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Jordan v. United States

United States District Court, Eighth Circuit

December 6, 2013

MELVIN JORDAN, III, Petitioner,
v.
UNITED STATES OF AMERICA

ORDER

LINDA R. READE, Chief District Judge.

This matter appears before the court on Melvin Jordan, III's application for a writ of habeas corpus pursuant to 28 U.S.C. § 2241. Melvin Jordan, III ("the petitioner") filed such application on December 2, 2013.

The petitioner did not pay the filing fee or submit an application to proceed in forma pauperis. See 28 U.S.C. § 1914(a) (requiring $350.00 filing fee for civil actions, except that on application for a writ of habeas corpus the filing fee is $5.00); 28 U.S.C. § 1915 (explaining in forma pauperis proceedings). Further, it is clear that the petitioner's application for a writ of habeas corpus pursuant to 28 U.S.C. § 2241 is more appropriately characterized as a motion to vacate, set aside or correct sentence pursuant to 28 U.S.C. § 2255. The challenges asserted are the type of challenges properly submitted in a motion to vacate, set aside or correct sentence pursuant to 28 U.S.C. § 2255. See United States v. Lurie, 207 F.3d 1075, 1077 (8th Cir. 2000) (stating that a "challenge to a federal conviction [...] is most appropriately brought as a motion under 28 U.S.C. § 2255"). Because the petitioner is challenging the imposition of his sentence rather than the execution of his sentence, the petitioner's reliance on 28 U.S.C. § 2241 is only proper if the remedy under 28 U.S.C. § 2255 is inadequate or ineffective. See Abdullah v. Hedrick, 392 F.3d 957, 959 (8th Cir. 2004).[1] Contrary to the petitioner's assertion, it cannot be said that the remedy under 28 U.S.C. § 2255 is inadequate or ineffective. Relying on 28 U.S.C. § 2241 rather than 28 U.S.C. § 2255 merely because of the limits regarding an action under the latter statute is impermissible. Id. Thus, the court does not have jurisdiction to consider the petitioner's claim under 28 U.S.C. § 2241.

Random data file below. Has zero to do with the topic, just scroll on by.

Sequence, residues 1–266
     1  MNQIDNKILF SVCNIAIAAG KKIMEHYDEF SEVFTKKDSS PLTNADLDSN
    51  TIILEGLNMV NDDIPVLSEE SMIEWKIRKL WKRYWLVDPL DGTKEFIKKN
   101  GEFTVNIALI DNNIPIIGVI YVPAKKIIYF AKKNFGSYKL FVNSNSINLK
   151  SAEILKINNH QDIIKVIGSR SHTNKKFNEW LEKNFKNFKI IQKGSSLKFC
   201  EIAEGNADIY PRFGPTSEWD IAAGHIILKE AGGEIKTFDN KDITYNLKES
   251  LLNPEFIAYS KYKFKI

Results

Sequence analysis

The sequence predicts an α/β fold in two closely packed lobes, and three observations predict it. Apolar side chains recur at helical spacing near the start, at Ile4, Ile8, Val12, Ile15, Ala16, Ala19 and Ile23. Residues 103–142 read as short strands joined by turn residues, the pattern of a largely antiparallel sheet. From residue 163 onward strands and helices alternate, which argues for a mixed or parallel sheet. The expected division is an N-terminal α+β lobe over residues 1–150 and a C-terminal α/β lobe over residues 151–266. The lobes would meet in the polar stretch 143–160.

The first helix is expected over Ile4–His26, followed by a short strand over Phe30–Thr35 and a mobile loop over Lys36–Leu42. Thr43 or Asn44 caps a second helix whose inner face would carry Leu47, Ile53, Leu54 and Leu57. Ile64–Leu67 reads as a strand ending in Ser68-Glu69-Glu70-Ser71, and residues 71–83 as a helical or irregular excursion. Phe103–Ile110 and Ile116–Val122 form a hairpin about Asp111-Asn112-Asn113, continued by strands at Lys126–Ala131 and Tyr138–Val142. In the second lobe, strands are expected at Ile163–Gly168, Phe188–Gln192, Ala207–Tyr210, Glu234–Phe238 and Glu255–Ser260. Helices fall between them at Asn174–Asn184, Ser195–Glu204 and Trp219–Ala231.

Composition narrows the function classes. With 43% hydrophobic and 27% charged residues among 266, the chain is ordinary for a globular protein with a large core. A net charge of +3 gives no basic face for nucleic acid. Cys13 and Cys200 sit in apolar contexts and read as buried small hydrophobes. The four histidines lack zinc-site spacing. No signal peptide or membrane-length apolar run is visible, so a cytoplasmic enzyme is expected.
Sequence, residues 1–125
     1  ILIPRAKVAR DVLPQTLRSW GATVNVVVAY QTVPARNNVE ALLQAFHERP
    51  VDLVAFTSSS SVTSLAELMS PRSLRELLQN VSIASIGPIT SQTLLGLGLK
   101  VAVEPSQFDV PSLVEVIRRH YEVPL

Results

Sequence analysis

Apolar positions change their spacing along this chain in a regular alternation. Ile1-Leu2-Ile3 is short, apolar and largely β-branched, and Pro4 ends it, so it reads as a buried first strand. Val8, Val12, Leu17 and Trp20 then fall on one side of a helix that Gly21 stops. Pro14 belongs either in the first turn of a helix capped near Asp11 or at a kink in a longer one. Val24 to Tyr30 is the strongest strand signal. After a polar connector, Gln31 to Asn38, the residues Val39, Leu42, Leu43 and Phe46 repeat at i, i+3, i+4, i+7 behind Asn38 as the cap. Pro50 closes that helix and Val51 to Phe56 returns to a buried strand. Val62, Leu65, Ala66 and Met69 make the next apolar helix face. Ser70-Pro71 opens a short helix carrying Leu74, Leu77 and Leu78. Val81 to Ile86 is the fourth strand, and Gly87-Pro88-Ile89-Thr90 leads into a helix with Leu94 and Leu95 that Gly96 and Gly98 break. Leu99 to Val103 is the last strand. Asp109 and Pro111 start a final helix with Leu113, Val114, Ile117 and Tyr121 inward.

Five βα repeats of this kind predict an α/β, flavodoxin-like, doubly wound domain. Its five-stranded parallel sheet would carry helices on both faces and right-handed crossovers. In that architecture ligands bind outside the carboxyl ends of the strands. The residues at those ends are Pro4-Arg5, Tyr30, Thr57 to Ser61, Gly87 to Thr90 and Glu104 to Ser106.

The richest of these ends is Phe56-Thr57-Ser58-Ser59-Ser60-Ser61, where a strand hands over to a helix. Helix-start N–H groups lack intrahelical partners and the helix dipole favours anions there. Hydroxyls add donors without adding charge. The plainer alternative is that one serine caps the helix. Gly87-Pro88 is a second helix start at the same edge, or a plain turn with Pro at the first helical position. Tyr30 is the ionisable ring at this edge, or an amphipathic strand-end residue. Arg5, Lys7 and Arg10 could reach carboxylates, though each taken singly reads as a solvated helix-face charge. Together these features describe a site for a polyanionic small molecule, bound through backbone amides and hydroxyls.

Based on the foregoing, the petitioner's application for a writ of habeas corpus pursuant to 28 U.S.C. § 2241 is denied.[2] The petitioner's action is dismissed with prejudice. To the extent that the petitioner desires a certificate of appealability under 28 U.S.C. § 2253, the court concludes that there is no basis to issue one.

IT IS SO ORDERED.


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